Later this year, instead of prebagged groceries arriving at your doorstep, you might end up with an entire grocery aisle, ready for the pluckin'.
Stop & Shop announced this week that it intends to deploy a small fleet of driverless grocery delivery vehicles in and around the Boston area. Beginning this spring, the pods won't be like other delivery services -- they will offer consumers a selection of produce and meal kits, and folks can pick what they want, like they were in the produce aisle at the store.
"[M]any of our customers want the opportunity to make their own choices when it comes to fresh produce, and we're proud to be the first retailer to engage with Robomart to address our customers' needs with their cutting-edge solution," said Mark McGowan, president of Stop & Shop, in a statement. Robomart, a San Francisco-based startup, will be supplying the vehicles for the pilot program.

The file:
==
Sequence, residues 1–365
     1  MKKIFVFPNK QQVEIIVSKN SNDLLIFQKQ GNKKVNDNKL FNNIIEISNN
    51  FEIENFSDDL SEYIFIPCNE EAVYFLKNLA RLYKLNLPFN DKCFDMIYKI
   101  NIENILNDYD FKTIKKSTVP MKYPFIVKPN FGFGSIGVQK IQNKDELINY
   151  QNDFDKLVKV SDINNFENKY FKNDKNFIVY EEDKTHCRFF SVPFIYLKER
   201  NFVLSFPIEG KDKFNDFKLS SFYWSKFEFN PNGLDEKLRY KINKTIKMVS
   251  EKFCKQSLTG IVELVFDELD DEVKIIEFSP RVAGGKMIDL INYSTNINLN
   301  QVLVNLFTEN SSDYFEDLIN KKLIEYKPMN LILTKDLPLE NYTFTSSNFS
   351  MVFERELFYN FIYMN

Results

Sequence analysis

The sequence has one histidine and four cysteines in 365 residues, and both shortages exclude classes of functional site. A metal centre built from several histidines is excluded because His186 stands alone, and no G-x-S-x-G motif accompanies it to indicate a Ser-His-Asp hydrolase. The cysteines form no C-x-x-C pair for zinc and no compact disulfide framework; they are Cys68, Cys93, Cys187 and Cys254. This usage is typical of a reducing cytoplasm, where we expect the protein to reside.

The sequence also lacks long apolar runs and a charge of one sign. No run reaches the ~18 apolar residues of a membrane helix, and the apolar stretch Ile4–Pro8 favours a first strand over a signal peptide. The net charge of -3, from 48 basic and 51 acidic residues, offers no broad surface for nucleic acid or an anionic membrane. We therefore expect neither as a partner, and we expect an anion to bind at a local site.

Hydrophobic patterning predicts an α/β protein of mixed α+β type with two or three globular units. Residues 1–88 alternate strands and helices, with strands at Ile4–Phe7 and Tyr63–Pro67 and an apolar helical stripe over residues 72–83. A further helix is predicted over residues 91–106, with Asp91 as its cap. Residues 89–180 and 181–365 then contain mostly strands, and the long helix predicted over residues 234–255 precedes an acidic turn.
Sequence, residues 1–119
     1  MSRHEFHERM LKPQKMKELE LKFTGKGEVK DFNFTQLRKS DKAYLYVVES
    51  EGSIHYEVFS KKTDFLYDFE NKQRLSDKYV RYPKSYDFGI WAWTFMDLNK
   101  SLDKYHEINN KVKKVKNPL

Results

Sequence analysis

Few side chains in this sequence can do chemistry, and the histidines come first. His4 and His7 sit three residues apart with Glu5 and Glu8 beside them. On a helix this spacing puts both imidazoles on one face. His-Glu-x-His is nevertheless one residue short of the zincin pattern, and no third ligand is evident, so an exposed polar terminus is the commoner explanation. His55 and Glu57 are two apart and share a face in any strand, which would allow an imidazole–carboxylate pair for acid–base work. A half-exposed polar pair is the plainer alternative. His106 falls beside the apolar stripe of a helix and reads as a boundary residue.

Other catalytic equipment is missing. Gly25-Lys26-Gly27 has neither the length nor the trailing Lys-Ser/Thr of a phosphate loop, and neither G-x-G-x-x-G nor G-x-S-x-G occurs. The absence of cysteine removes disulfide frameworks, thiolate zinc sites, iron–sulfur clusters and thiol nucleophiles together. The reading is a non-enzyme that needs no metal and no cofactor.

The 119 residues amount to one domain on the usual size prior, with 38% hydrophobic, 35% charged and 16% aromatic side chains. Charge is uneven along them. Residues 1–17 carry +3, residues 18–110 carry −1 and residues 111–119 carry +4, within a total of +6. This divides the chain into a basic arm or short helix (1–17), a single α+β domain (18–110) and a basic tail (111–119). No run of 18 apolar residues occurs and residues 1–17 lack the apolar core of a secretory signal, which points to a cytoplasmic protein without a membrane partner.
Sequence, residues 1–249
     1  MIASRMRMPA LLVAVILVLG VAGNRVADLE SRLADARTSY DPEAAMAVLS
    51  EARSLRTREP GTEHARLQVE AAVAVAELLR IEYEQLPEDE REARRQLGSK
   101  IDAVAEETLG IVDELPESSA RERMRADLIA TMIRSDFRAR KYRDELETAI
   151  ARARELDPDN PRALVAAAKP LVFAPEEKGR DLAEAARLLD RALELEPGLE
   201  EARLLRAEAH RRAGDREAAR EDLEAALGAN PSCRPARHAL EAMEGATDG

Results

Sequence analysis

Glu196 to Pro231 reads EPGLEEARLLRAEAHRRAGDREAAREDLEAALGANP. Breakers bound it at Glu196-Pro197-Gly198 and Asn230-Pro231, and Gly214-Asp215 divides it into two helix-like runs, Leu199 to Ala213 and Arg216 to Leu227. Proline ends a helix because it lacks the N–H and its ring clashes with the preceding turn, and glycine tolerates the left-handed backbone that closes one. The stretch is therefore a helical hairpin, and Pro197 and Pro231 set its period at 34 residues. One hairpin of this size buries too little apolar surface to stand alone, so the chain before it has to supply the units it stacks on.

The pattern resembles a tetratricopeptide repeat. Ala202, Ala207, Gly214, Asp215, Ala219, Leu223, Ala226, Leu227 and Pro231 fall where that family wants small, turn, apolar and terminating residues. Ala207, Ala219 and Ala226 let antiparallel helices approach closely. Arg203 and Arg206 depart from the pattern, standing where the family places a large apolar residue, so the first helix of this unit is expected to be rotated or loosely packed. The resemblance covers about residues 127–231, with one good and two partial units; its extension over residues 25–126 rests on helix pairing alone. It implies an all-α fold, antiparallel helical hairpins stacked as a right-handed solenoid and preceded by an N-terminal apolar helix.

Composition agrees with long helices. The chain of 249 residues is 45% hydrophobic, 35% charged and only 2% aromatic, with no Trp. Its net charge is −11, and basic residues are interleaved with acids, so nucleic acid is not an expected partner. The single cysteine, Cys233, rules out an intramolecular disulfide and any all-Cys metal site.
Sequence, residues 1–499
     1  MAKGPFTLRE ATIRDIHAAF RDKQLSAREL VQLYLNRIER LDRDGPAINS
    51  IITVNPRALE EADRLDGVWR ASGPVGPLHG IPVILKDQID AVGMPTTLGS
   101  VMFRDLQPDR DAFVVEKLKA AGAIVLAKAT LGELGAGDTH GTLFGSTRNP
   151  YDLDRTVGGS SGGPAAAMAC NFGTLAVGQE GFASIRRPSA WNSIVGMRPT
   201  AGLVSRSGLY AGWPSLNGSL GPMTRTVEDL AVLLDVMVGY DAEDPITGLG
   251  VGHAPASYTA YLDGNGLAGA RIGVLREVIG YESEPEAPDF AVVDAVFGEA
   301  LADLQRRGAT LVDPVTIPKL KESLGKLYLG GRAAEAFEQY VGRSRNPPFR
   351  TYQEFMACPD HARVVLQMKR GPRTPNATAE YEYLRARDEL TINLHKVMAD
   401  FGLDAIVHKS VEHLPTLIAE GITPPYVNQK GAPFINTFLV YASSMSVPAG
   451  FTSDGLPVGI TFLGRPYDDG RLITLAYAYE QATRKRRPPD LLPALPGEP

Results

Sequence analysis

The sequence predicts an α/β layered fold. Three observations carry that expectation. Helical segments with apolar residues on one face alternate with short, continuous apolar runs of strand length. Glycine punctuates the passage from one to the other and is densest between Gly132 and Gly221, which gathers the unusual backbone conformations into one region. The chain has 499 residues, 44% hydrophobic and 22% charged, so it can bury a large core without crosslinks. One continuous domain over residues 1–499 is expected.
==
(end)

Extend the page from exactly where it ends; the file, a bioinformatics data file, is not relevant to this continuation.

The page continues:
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Here's how it will work. Using a smartphone app, Stop & Shop customers can request a visit from Robomart's vehicle. When it shows up, they'll walk outside, unlock the doors and pick the produce and products they want. All that's left is to close the door and walk away. The vehicle itself uses RFID tech to determine which products have been purchase, and it'll email the consumer a receipt. This setup is a little different than what, which requires the consumer to pre-order groceries online, with a bagged order eventually arriving at their door.
While the vehicle is referred to as driverless, it's technically driverless in the sense that the vehicle doesn't have a driver inside of it. The electric pods will actually have a remote pilot in charge of moving them around. They'll be periodically restocked so consumers don't have mostly empty pods showing up with a dearth of produce.